Harbor Branch Oceanographic Institute at Florida Atlantic University is a research institute dedicated to exploration, innovation, conservation, and education related to the oceans. Harbor Branch was founded in 1971 as a private non-profit organization. In December 2007, Harbor Branch joined Florida Atlantic University. The institute specializes in ocean engineering, at-sea operations, drug discovery and biotechnology from the oceans, coastal ecology and conservation, marine mammal research and conservation, aquaculture, and marine education. For more information, visit www.hboi.fau.edu.
Florida Atlantic University opened its doors in 1964 as the fifth public university in Florida. Today, the University serves more than 26,000 undergraduate and graduate students on seven campuses strategically located along 150 miles of Florida's southeastern coastline. Building on its rich tradition as a teaching university, with a world-class faculty, FAU hosts ten colleges: College of Architecture, Urban & Public Affairs, Dorothy F. Schmidt College of Arts & Letters, the Charles E. Schmidt College of Biomedical Science, the Barry Kaye College of Business, the College of Education, the College of Engineering & Computer Science, the Harriet L. Wilkes Honors College, the Graduate College, the Christine E. Lynn College of Nursing and the Charles E. Schmidt College of Science.
Gisele Galoustian | Newswise Science News
Further reports about: > Biomedical > Biotechnology > Chemo-preventatives > Marine science > Oceanographic Institution > Science TV > bioactive > cancer cells > chemical diversity > chronic inflammation > marine natural products > metastasis of existing tumors > oceans > pancreatic > pancreatic cancer > pancreatic cancer cells
Biochemical 'fingerprints' reveal diabetes progression
22.08.2017 | Umea University
When fish swim in the holodeck
22.08.2017 | University of Vienna
Whether you call it effervescent, fizzy, or sparkling, carbonated water is making a comeback as a beverage. Aside from quenching thirst, researchers at the University of Illinois at Urbana-Champaign have discovered a new use for these "bubbly" concoctions that will have major impact on the manufacturer of the world's thinnest, flattest, and one most useful materials -- graphene.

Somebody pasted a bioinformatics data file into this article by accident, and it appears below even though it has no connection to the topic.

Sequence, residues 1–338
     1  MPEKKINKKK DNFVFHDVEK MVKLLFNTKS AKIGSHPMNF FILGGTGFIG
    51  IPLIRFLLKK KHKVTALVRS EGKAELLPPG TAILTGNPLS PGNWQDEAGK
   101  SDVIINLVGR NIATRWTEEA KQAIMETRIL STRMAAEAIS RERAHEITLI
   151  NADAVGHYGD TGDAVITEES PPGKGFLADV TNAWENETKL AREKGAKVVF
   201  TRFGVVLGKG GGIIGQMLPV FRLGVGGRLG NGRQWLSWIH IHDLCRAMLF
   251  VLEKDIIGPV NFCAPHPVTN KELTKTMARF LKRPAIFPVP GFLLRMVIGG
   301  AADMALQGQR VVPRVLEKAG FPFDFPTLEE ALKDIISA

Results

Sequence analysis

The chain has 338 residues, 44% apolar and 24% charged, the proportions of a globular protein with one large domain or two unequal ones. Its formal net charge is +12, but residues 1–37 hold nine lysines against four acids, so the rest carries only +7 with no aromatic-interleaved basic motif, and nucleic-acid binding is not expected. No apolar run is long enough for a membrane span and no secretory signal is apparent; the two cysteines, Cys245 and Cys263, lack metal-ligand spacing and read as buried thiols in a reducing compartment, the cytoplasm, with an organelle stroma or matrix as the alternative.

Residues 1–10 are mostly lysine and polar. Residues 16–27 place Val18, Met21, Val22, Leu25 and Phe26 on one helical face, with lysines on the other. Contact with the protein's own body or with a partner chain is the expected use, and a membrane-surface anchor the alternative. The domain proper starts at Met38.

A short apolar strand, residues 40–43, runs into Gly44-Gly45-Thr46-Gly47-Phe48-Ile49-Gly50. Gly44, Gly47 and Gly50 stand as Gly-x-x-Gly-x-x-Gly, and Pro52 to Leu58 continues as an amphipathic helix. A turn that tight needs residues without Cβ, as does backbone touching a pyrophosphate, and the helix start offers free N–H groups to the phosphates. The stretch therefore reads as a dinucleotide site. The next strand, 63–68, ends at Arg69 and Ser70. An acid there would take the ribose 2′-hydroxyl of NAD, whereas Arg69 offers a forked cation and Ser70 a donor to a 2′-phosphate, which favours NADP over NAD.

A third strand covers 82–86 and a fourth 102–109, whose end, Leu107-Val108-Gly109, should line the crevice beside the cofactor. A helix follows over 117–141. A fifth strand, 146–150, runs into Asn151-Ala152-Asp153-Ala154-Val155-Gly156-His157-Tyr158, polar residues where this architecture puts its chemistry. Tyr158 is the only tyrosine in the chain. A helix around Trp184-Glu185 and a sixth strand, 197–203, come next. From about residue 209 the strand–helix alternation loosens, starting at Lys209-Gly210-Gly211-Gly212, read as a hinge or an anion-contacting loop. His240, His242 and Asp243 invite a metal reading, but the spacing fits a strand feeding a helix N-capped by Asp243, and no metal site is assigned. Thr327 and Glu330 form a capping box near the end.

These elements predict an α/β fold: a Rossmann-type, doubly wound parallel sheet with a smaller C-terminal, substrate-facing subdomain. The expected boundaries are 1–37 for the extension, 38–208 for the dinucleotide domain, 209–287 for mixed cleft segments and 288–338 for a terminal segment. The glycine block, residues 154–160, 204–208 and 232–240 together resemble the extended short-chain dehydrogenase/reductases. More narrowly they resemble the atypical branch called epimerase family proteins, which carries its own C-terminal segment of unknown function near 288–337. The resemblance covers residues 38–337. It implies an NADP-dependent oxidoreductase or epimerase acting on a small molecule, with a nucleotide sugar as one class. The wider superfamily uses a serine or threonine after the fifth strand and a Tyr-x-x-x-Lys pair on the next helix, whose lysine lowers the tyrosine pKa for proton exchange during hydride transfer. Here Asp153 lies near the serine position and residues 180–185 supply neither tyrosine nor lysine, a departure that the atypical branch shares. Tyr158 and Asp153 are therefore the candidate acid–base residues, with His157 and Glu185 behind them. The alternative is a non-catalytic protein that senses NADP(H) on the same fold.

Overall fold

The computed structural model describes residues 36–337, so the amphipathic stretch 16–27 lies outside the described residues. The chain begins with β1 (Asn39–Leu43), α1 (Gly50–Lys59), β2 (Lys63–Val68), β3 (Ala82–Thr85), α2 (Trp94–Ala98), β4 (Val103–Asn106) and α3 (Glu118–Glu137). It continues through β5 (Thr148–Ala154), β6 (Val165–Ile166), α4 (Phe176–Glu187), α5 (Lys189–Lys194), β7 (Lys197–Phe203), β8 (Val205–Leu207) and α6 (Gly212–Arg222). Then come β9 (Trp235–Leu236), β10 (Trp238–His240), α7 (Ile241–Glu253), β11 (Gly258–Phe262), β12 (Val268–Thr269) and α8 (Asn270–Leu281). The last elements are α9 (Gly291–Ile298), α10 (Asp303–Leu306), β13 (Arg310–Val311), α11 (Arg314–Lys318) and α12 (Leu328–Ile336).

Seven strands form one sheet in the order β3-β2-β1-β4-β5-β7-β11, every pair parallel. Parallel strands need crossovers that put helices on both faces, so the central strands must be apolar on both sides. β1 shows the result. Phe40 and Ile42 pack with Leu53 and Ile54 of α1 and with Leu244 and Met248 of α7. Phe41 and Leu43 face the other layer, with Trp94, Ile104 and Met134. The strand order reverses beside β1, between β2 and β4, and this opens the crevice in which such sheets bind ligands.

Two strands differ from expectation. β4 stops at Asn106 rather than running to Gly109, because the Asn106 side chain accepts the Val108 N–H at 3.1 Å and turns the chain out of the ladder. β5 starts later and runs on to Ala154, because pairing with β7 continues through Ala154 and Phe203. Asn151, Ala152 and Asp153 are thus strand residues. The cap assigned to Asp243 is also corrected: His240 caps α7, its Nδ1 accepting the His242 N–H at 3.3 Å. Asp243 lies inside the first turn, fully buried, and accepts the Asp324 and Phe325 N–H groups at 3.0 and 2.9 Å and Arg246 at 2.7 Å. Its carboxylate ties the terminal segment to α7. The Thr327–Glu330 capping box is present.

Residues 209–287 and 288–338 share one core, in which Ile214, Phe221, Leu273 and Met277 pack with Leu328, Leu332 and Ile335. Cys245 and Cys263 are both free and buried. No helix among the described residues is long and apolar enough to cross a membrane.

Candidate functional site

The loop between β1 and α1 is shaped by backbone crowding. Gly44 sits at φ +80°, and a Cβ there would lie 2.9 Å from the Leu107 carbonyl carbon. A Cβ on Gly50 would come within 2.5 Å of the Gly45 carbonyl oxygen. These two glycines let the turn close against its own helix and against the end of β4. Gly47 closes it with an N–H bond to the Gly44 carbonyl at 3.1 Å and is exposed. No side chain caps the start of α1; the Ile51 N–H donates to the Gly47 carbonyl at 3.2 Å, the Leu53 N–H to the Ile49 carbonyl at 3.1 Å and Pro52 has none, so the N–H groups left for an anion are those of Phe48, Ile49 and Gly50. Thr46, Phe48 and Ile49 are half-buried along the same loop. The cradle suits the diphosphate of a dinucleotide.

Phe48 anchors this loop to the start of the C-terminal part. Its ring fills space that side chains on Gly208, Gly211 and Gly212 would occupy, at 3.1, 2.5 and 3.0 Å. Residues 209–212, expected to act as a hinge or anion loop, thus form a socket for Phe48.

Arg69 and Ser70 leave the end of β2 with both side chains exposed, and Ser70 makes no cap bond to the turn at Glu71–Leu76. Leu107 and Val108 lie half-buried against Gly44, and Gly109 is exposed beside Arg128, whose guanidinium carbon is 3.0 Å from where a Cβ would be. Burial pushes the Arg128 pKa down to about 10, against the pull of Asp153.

As graphene's popularity grows as an advanced "wonder" material, the speed and quality at which it can be manufactured will be paramount. With that in mind,...
Physicists at the University of Bonn have managed to create optical hollows and more complex patterns into which the light of a Bose-Einstein condensate flows. The creation of such highly low-loss structures for light is a prerequisite for complex light circuits, such as for quantum information processing for a new generation of computers. The researchers are now presenting their results in the journal Nature Photonics.
Light particles (photons) occur as tiny, indivisible portions. Many thousands of these light portions can be merged to form a single super-photon if they are...
For the first time, scientists have shown that circular RNA is linked to brain function. When a RNA molecule called Cdr1as was deleted from the genome of mice, the animals had problems filtering out unnecessary information – like patients suffering from neuropsychiatric disorders.
While hundreds of circular RNAs (circRNAs) are abundant in mammalian brains, one big question has remained unanswered: What are they actually good for? In the...
An experimental small satellite has successfully collected and delivered data on a key measurement for predicting changes in Earth's climate.
The Radiometer Assessment using Vertically Aligned Nanotubes (RAVAN) CubeSat was launched into low-Earth orbit on Nov. 11, 2016, in order to test new...
A study led by scientists of the Max Planck Institute for the Structure and Dynamics of Matter (MPSD) at the Center for Free-Electron Laser Science in Hamburg presents evidence of the coexistence of superconductivity and “charge-density-waves” in compounds of the poorly-studied family of bismuthates. This observation opens up new perspectives for a deeper understanding of the phenomenon of high-temperature superconductivity, a topic which is at the core of condensed matter research since more than 30 years. The paper by Nicoletti et al has been published in the PNAS.
Since the beginning of the 20th century, superconductivity had been observed in some metals at temperatures only a few degrees above the absolute zero (minus...
16.08.2017 | Event News
04.08.2017 | Event News
26.07.2017 | Event News
22.08.2017 | Life Sciences
22.08.2017 | Life Sciences
22.08.2017 | Life Sciences